What happened A bracket weighing 10.5kg fell 16m to deck. The incident occurred during a function test of a tensioner on a pipelay system. The tensioner doors had to be moved into the firing line, closed, and then retracted to the parked position.
As the tensioner doors were being closed, the port side door made contact with a hinged bracket that was part of an inspection manhole gate which had been left open. This resulted in the bracket, weighing 10.5 kg, dropping approximately 16m to the work table below.
What went right
Robust and stringent controls, restricting personnel from entering the drop zone, reduced the potential for harm. These included hard barriers at deck level directly underneath the work area, and additional temporary barriers to create a wider exclusion zone to take into consideration the dropped object cone of exposure. No personnel were in the line of fire at the time of the incident.
What went wrong – what were the underlying causes?
- Before this event, the inspection manhole gate had been damaged in a previous unreported incident. Subsequently some minor repair work had been undertaken which involved the removal of the grating from the gate/bracket. The hinged bracket was seized in the upright position and at the time it was not considered a dropped object hazard due to it being firmly secured to the TLS structure.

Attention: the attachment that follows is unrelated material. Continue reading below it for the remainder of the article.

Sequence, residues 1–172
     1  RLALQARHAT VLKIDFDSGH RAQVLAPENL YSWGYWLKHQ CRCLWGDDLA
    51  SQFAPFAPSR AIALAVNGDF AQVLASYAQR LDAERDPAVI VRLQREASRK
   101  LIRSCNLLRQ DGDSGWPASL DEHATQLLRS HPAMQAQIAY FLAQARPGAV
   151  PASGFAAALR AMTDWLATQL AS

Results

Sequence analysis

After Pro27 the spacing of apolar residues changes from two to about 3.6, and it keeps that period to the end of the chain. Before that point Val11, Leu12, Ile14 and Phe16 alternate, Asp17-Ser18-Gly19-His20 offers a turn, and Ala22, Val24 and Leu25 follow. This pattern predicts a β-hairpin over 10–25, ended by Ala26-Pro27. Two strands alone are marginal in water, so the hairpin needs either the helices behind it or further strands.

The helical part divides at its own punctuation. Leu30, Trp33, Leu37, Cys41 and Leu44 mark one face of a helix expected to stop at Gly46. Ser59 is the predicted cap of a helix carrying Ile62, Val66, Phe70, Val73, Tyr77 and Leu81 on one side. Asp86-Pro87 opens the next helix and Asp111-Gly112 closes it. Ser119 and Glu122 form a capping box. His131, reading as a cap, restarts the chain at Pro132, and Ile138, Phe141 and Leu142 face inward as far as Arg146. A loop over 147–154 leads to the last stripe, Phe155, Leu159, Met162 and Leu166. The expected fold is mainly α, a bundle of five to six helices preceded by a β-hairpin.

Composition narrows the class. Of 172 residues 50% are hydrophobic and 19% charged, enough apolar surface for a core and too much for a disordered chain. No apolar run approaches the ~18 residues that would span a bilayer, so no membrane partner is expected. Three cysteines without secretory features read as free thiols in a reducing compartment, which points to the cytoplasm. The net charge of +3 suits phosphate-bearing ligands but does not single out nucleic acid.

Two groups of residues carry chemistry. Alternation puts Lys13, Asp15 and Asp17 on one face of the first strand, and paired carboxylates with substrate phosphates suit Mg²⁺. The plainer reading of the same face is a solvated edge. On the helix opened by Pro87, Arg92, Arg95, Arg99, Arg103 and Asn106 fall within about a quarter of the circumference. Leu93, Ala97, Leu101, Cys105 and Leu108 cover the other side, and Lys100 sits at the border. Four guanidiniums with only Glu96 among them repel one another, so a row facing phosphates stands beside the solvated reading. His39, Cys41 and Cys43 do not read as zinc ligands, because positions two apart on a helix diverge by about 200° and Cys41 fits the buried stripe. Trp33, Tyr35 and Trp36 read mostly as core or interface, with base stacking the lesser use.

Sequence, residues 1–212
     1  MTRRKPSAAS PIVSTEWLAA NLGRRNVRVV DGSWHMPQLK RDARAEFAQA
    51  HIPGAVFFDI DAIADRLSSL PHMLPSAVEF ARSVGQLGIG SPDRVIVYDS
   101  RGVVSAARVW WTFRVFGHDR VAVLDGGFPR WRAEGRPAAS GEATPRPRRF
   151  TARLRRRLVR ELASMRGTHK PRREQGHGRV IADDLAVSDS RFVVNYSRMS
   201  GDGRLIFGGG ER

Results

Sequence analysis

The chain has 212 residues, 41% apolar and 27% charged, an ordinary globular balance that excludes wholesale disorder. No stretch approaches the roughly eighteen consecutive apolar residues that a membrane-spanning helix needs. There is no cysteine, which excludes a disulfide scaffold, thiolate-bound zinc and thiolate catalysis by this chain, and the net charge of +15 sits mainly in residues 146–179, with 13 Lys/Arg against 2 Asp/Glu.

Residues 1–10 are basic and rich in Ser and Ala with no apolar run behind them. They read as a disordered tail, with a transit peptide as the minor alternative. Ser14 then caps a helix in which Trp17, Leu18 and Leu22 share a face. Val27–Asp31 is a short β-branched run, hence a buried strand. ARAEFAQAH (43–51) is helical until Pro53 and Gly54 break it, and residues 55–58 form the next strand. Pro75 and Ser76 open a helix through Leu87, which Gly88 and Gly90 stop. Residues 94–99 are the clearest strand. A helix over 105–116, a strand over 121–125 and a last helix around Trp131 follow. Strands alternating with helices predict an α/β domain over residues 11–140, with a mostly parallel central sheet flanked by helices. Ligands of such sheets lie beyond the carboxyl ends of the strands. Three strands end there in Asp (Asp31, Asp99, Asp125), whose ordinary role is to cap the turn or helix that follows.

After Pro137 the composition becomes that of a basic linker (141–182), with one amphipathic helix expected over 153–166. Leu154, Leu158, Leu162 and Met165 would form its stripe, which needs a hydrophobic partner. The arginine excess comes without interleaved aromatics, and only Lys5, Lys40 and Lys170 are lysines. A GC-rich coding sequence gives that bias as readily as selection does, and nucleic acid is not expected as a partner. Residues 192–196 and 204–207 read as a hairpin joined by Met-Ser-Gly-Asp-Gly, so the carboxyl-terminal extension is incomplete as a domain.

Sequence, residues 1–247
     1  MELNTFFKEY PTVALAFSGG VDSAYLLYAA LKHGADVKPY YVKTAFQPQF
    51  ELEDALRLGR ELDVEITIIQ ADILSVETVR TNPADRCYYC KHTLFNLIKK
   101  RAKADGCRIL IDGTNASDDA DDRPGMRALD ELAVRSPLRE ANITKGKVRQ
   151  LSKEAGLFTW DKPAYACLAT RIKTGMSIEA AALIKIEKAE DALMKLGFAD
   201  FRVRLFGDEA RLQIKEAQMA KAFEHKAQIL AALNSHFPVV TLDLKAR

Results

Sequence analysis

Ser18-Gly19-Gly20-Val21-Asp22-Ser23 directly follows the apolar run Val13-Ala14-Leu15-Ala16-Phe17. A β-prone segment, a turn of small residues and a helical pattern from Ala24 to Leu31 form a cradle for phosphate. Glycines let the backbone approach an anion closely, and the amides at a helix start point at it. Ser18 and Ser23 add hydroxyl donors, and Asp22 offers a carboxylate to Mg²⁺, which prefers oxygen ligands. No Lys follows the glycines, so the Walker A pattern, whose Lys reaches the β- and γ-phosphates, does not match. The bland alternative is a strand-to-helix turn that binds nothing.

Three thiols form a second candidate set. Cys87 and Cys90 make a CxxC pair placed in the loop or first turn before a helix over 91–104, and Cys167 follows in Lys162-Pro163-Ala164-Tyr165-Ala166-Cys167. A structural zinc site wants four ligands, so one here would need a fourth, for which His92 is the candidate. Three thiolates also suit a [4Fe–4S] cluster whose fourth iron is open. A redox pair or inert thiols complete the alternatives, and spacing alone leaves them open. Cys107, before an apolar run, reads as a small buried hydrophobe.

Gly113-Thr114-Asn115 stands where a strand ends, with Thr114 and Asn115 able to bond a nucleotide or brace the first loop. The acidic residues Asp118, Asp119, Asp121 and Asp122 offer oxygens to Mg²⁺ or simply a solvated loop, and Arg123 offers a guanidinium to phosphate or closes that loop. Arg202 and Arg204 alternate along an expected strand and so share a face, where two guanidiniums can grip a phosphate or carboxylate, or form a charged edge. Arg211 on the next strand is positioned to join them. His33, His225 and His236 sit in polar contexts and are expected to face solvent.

- The seized bracket was not fully repaired following the original incident;
- The latent hazard posed by seized bracket was not identified as a potential DROPS or as a clashing hazard.
- Although the first incident was recorded within the pipelay team handover notes, there was a failure to formally report it within the company incident reporting system – all damage incidents should be reported to ensure the correct level of investigation, and so that corrective and preventative actions are identified and implemented;
- The equipment design and layout failed to identify the clash points created when manhole gates were left in the open position.
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